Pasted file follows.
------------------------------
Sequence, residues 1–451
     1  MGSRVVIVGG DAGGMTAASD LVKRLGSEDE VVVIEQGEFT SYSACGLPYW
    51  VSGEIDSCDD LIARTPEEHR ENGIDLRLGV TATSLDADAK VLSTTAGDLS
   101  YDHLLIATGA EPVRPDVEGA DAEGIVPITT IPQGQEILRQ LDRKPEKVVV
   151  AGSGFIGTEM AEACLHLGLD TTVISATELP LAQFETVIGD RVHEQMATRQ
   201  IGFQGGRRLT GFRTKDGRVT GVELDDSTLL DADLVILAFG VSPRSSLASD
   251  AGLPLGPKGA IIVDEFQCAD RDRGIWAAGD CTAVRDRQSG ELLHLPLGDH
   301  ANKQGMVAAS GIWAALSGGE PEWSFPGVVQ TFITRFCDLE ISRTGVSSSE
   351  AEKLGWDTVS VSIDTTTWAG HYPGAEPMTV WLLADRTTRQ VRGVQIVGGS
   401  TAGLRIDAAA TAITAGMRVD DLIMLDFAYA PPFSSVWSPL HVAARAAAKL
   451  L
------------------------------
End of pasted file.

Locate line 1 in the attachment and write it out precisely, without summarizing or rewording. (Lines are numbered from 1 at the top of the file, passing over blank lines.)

Sequence, residues 1–451